February 7, 1916.
Dear Miss Addams:
We had a good visit with Dr. Hamilton this last week, which fortunately came just at the time of Miss Lattimore's return from the Ford peace expedition, so that we had a chance together to talk over her concluding summing up. In a way, I think it has to date kept pretty much the character we saw in those first few days of its launching -- strong, unwelded personalities, loose ends, mistrusts, and bickerings.
Miss Lattimore comes back with faith in Madam Schwimmer, and with keen appreciation of the odds against which she worked. As she joined the expedition the day of sailing, she was not aware of how many of those odds were due to Madam Schwimmer's understandable but nonetheless disastrous impetuousness and arbitrariness in launching the expedition. Dr. Hamilton and I gave her some facts as to the initial stages of the enterprise, and as this was rather a review of it to date, she added a few paragraphs which I helped her draft, covering the developments prior to the sailing of the Oscar II. Dr. Hamilton said she felt it was the clearest exposition that had been made, and I hope it will clear up people's minds generally.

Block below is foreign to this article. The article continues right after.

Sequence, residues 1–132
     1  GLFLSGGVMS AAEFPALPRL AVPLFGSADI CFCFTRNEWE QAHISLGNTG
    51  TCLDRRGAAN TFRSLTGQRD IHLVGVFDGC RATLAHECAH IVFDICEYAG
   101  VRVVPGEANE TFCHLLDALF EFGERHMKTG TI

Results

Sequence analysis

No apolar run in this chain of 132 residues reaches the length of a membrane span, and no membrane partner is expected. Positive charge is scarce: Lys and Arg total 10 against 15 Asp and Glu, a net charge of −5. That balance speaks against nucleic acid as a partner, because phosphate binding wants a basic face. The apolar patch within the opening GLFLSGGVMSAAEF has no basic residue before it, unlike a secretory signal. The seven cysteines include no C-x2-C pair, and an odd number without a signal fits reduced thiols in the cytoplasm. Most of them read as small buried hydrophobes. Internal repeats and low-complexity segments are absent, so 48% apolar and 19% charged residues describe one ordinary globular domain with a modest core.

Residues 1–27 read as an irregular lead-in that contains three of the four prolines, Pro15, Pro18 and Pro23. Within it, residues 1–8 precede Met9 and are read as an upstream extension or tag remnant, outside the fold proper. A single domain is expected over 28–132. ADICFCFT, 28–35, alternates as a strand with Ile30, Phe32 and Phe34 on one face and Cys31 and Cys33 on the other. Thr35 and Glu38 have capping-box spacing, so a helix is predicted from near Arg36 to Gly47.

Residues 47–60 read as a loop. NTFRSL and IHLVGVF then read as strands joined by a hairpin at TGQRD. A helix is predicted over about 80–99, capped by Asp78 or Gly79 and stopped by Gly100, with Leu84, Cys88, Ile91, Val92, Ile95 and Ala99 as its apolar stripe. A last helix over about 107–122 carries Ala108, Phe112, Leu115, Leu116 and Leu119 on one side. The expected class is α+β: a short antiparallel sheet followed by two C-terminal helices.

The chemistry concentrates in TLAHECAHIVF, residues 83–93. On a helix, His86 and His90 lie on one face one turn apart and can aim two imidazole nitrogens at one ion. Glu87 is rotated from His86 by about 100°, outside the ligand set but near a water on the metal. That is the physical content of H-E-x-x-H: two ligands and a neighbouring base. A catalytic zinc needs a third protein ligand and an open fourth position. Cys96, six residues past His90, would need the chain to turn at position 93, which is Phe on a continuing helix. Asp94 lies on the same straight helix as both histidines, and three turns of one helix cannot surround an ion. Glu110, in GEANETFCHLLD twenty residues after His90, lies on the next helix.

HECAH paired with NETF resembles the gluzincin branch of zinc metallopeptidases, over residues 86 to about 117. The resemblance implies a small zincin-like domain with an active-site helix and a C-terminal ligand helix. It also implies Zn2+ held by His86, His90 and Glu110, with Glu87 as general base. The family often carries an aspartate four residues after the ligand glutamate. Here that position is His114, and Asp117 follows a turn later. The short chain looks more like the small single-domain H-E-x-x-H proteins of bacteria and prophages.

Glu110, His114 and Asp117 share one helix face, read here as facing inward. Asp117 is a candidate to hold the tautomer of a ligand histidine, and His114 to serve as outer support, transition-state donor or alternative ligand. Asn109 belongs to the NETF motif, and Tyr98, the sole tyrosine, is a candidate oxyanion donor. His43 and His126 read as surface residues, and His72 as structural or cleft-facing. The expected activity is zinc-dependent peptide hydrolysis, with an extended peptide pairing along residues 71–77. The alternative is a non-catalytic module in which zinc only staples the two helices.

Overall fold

Enclosed are page proofs. (unrevised by author)
It didn't seem necessary to go into the matter of the cablegrams at length or publish Miss [Breckinridge's] statement. We are very glad, however, to have it in hand to draw on in case that matter ever comes up. It did not come up at the time of the return of the delegates here in New York so far as I know.
With respect to Mr. Yarros' manuscript, my feeling is strongly to publish that over his name because he has a certain dogmatic way of saying things which none of your friends will feel fits your habit of writing. I am writing a line to him thanking him for it.
Paul U. Kellogg [signed]